Parents, individualism and education: three paradigms and four countries

Ralph Fevre, Isabel Guimarães, Wei Zhou

Research output: Contribution to journalReview articlepeer-review

2 Citations (Scopus)


The UN Convention on the Rights of the Child (1989) is an important indicator of the increased global importance of education. It defines the goal of education at the level of the child rather than the state, the community or household. The requirement that each child be treated as an individual who can expect to see their 'personality, talents and mental and physical abilities' fully developed, is an example of the individualism which features in three important theoretical paradigms for understanding the rise of education and training. We compare accounts of the global growth of education produced by functionalism, neoinstitutionalism and political economy with the help of qualitative research on children's experience of parental influences. The research is drawn from semi-structured interviews with millennial graduates in Portugal, Singapore, the United Kingdom, and the United States. It reveals weaknesses in the paradigms which are related to the way each theorises individualism and the role it plays in parental influence on education. The functionalist and neoinstitutionalist conceptions of individualism limit the usefulness of these paradigms for understanding changes in the way families around the world prepare children for education. The political economy paradigm is more promising; however, an approach which identifies only one, neoliberal, version of individualism has limited purchase on international differences in parental influences and the way these influences are changing. An approach which can draw on the contrast between a cognitive individualism associated with neoliberalism, and sentimental individualism which originates in social movements, is more promising.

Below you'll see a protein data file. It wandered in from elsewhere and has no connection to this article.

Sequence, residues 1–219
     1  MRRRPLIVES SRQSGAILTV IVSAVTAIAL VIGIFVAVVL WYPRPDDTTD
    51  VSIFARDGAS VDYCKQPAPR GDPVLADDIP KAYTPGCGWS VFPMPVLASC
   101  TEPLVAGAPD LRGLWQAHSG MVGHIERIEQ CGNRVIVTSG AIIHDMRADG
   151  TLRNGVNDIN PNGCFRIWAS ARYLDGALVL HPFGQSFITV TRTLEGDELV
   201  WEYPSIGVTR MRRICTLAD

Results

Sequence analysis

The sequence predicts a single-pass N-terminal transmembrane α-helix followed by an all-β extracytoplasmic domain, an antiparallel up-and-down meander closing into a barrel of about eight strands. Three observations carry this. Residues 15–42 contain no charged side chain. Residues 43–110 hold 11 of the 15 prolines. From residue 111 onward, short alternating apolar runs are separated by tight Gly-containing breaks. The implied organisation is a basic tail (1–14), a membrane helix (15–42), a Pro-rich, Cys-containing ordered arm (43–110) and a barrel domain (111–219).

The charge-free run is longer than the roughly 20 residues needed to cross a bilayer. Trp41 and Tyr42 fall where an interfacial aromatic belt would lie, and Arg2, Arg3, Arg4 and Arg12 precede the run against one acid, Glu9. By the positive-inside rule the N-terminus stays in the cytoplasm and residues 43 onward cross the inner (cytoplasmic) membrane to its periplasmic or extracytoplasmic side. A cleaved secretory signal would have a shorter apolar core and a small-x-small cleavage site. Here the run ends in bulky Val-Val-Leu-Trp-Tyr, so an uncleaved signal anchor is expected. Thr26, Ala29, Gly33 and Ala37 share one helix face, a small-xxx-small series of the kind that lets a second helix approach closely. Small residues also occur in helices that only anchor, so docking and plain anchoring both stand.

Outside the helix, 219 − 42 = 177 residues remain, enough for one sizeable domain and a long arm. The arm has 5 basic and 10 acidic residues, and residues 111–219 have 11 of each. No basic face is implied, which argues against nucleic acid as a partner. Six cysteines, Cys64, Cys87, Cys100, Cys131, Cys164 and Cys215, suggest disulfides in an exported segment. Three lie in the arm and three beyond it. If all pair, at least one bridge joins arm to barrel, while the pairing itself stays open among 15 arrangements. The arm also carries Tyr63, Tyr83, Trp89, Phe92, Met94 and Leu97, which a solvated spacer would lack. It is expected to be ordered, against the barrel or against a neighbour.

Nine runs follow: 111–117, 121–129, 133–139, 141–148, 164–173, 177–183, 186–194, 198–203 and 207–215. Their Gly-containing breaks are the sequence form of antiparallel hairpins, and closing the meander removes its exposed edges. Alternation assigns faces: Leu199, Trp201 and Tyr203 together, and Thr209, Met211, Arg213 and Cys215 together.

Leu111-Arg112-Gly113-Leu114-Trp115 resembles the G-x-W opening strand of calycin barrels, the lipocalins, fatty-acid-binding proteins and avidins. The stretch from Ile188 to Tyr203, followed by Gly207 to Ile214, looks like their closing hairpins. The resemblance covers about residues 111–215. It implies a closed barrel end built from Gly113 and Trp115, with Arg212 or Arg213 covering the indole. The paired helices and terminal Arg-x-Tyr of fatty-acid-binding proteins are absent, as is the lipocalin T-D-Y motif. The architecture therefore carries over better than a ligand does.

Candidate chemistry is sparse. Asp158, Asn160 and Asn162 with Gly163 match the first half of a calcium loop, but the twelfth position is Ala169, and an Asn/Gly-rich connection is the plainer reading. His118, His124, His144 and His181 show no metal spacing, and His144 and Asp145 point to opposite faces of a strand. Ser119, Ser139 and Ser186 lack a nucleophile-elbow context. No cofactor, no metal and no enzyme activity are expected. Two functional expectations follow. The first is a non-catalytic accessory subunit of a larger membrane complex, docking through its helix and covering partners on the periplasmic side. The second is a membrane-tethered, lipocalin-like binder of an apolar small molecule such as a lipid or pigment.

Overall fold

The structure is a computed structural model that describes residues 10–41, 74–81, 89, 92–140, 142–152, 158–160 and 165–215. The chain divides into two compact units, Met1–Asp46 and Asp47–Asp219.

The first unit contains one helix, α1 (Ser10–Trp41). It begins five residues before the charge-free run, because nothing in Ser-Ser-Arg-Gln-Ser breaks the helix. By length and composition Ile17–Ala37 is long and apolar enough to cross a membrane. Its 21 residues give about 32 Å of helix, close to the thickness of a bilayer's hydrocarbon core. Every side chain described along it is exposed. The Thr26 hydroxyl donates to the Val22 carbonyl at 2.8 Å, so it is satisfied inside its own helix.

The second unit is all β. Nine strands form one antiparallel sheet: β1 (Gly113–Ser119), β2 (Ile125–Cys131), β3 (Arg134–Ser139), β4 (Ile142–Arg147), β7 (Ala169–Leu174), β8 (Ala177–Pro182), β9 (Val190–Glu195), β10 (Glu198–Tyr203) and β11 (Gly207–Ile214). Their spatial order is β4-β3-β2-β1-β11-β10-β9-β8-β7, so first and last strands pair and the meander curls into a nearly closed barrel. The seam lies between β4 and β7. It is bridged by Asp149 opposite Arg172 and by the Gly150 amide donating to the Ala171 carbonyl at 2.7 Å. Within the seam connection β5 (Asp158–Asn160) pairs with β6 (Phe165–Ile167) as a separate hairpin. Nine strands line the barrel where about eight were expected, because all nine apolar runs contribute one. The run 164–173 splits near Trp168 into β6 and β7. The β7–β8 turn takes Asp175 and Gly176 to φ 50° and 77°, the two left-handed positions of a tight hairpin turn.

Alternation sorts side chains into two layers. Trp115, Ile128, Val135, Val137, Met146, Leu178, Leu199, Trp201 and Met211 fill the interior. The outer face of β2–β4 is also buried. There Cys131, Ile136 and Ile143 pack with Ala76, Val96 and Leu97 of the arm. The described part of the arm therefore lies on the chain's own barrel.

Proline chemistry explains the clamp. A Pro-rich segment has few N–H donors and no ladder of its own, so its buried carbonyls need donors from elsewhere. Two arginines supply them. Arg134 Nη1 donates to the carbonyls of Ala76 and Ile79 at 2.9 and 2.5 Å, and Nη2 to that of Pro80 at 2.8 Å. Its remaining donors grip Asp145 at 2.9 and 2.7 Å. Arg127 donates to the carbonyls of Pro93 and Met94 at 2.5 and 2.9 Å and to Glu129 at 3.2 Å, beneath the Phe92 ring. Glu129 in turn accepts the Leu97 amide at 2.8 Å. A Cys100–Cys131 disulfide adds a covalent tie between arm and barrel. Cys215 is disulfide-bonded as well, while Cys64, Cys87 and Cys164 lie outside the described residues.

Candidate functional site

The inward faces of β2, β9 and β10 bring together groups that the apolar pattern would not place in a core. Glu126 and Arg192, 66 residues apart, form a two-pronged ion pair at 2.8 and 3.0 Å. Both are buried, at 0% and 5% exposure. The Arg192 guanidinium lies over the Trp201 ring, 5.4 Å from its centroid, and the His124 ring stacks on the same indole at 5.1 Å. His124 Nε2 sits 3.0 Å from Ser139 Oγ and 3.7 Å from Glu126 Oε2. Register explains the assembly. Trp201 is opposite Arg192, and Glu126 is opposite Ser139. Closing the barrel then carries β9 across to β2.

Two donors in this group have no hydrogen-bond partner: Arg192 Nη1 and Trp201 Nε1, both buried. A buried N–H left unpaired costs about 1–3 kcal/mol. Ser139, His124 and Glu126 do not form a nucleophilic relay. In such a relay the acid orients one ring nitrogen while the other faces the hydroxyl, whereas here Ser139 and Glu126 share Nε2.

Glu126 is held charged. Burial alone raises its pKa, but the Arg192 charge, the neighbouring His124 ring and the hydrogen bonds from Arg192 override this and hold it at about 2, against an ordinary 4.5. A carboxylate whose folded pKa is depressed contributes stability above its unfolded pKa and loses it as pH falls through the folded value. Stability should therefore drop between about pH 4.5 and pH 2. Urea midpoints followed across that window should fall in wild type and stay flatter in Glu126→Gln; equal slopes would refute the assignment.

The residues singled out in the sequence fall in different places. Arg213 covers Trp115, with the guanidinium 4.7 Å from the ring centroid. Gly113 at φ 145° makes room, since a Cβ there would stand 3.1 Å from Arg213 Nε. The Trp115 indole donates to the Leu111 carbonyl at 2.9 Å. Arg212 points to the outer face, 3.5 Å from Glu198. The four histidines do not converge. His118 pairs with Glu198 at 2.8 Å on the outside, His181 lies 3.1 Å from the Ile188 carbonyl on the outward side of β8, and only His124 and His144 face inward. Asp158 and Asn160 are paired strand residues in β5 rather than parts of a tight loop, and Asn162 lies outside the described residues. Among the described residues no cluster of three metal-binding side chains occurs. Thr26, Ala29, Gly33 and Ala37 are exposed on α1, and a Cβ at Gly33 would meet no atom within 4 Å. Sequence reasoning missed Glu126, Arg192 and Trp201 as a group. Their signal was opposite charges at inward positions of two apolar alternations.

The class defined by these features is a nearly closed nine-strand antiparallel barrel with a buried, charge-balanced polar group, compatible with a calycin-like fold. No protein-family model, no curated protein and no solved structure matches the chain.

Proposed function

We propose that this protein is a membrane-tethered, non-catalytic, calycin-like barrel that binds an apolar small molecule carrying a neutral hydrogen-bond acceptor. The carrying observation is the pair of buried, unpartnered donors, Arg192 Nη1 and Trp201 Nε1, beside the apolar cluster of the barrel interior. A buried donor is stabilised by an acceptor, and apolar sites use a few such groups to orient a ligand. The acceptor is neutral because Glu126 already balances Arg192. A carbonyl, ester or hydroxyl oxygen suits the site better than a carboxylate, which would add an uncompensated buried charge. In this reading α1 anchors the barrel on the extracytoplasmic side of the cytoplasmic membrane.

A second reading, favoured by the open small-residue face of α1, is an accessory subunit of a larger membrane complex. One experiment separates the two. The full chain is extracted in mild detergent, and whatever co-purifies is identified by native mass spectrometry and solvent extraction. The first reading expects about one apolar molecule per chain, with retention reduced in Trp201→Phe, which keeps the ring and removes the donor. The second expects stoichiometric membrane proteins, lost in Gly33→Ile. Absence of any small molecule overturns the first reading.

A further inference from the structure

Original languageEnglish
Pages (from-to)693-726
Number of pages34
JournalReview of Education
Issue number3
Publication statusPublished - Oct 2020


  • Functionalism
  • Individualism
  • International comparative
  • Neoinstitutionalism
  • Political economy


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